A look at the evolution of the decorative arts collections at the Virginia Museum of Fine Arts
“Every part [is] mathematically related to every other part, and visual complexity accumulates step-by-step.”
The Delaware Antiques Show is in full swing at the Chase Center on the Riverfront in Wilmington, Delaware, where it runs through Sunday.
Whether you know him personally or just by reputation, there’s no question that Jonathan Leo Fairbanks is a lion in the worlds of American decorative arts and craft. Recently, to toast him on his retirement as director of the Fuller Craft Museum in Brockton, Massachusetts, the museum published American History, Art, and Culture: Writings in Honor of Jonathan Leo Fairbanks.
The rise of the neoclassical style in American decorative arts in the early decades of the nineteenth century coincided with a collective national sigh of relief.
A look at the evolution of the decorative arts collections at the Virginia Museum of Fine Arts, as it provides the loan exhibition for the 2018 edition of the Winter Antiques Show.
The field of decorative arts reflects the inheritance of patriarchy in ways that are rarely acknowledged.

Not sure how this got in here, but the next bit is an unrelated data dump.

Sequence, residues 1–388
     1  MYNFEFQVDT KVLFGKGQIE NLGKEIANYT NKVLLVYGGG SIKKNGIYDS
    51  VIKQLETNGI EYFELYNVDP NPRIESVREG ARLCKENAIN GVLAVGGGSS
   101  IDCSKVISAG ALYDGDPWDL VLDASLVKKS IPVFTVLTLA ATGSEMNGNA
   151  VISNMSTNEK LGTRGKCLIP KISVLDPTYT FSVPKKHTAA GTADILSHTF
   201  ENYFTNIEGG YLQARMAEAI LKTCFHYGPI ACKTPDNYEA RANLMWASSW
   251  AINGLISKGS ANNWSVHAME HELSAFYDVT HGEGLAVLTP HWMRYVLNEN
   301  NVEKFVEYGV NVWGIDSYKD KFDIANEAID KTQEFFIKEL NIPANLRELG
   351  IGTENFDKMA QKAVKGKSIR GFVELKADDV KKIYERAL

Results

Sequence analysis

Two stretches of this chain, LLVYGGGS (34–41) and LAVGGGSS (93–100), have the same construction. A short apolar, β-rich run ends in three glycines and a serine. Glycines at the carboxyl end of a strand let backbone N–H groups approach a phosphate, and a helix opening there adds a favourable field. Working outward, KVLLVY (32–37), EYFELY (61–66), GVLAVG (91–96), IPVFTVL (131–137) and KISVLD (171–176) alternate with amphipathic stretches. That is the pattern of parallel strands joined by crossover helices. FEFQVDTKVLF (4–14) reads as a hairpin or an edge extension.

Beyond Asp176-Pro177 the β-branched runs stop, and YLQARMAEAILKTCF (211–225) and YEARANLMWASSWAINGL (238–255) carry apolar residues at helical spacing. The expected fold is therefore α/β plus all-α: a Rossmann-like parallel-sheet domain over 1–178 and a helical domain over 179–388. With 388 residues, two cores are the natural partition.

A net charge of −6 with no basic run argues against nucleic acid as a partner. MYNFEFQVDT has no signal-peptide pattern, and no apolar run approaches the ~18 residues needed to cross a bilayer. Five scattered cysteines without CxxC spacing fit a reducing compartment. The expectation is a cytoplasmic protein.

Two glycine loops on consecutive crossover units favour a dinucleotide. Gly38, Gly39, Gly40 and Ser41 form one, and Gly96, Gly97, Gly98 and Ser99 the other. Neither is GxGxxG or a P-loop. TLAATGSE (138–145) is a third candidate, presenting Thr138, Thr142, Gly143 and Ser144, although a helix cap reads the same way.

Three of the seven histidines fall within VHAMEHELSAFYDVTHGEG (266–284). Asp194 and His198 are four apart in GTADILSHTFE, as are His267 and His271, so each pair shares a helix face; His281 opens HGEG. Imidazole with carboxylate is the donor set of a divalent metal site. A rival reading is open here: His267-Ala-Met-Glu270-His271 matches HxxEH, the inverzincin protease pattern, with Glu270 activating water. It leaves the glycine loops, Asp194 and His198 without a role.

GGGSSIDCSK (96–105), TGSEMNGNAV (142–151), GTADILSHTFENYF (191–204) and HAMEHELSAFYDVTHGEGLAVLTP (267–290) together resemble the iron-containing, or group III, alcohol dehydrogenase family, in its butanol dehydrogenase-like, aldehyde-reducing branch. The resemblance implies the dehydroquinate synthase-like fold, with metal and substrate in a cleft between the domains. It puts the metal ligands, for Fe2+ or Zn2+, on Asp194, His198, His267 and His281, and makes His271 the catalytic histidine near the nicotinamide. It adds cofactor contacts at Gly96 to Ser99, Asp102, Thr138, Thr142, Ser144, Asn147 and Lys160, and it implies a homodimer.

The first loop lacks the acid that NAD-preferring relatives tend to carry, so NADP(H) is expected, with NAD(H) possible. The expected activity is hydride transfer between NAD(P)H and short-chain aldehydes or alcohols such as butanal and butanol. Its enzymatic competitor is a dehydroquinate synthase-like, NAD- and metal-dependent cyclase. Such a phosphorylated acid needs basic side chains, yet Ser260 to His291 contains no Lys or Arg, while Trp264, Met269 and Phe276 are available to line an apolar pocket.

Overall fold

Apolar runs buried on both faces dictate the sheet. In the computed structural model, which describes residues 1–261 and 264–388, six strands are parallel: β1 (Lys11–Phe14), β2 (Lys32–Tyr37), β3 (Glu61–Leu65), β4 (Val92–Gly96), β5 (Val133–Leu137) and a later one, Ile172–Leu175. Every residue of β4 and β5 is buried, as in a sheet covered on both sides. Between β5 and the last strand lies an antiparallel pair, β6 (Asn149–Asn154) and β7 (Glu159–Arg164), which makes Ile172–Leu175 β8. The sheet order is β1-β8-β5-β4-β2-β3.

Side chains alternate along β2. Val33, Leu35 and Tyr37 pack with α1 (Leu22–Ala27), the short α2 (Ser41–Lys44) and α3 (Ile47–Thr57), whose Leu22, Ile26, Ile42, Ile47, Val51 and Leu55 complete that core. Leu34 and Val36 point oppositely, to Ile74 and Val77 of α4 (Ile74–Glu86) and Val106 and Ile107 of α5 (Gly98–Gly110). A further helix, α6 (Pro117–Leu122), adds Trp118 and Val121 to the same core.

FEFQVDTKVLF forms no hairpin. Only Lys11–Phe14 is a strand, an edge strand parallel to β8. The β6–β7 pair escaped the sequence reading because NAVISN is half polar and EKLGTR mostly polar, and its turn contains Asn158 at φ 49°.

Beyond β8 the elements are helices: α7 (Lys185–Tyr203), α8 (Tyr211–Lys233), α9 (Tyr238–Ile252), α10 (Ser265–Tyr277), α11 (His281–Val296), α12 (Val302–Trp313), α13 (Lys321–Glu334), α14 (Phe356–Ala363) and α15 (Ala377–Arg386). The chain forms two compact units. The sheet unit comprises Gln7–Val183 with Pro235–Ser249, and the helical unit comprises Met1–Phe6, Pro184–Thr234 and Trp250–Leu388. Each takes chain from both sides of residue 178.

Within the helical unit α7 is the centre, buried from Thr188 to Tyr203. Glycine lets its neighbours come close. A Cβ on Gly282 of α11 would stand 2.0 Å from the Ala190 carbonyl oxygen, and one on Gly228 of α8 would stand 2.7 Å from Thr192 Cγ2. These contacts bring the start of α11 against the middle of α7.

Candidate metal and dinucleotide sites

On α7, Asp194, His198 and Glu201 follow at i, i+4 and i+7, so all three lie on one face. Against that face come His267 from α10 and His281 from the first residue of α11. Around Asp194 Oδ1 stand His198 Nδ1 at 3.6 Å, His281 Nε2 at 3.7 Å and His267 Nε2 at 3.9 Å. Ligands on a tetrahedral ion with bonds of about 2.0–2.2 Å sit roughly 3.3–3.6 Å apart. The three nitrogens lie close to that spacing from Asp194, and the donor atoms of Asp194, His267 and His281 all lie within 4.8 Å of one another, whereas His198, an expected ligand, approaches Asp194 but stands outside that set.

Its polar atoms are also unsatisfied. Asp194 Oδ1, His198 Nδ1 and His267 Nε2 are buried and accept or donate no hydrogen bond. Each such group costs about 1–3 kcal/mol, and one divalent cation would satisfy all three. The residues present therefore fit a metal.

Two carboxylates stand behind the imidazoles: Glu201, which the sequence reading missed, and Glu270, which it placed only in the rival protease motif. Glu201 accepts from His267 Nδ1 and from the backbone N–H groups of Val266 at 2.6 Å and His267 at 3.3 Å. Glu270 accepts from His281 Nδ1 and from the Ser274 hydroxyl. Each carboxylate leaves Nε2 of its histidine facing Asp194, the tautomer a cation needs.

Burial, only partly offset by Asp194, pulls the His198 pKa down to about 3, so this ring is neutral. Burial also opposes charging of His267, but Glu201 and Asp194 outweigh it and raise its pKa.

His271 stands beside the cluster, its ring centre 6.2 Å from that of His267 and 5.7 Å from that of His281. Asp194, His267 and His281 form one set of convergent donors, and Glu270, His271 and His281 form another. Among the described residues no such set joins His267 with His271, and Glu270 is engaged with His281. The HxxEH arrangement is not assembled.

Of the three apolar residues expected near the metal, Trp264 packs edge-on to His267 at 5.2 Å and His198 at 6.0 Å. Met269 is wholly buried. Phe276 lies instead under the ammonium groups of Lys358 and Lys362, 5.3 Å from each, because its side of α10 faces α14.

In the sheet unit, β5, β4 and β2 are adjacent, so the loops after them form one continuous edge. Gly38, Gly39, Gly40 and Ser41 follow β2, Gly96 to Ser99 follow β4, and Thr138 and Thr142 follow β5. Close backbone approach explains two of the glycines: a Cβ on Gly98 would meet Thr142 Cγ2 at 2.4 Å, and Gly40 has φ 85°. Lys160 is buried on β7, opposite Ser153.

from The Magazine ANTIQUES, November/December 2013 | Fig. 7. Melons and Morning Glories by Peale, 1813. Inscribed “Raphaelle Peale Painted/Philadelphia Septr. 3d. 1813” at lower right. Oil on canvas, 20 ¾ by 25 ¾ inches. Smithsonian American Art Museum, gift of Paul Mellon. Not so long ago you could learn how to cook an opossum by consulting The Joy of Cooking. …
from The Magazine ANTIQUES, March/April 2012 | In 1851 Albert, prince consort of Queen Victoria, and the architect Henry Cole realized their grand vision of an international exhibition where the traditions, aspirations, and accomplishments of many nations were showcased.1 Hardware at the Great Exhibition by Joseph Nash (1809-1878), from Dickenson’s Comprehensive Pictures of the Great Exhibition of 1851 (London 1852). Color lithograph. Victoria and Albert Museum, …
Last Friday, a crowd of mostly students and professors gathered at the Bard Graduate Center for Studies in the Decorative Arts, Design, and Culture to hear a series of talks on design topics ranging from experimental architecture to computer interfaces. Despite the conference title, Failed Design (and subtitle: “What were they thinking?”), most speakers described design stories of some success …
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